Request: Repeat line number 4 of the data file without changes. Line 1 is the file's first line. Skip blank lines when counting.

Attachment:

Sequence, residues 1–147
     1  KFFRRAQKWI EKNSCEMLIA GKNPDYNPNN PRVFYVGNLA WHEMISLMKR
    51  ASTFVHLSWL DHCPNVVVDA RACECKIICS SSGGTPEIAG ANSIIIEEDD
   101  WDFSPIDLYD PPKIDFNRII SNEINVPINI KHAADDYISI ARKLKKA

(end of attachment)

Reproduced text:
   101  WDFSPIDLYD PPKIDFNRII SNEINVPINI KHAADDYISI ARKLKKA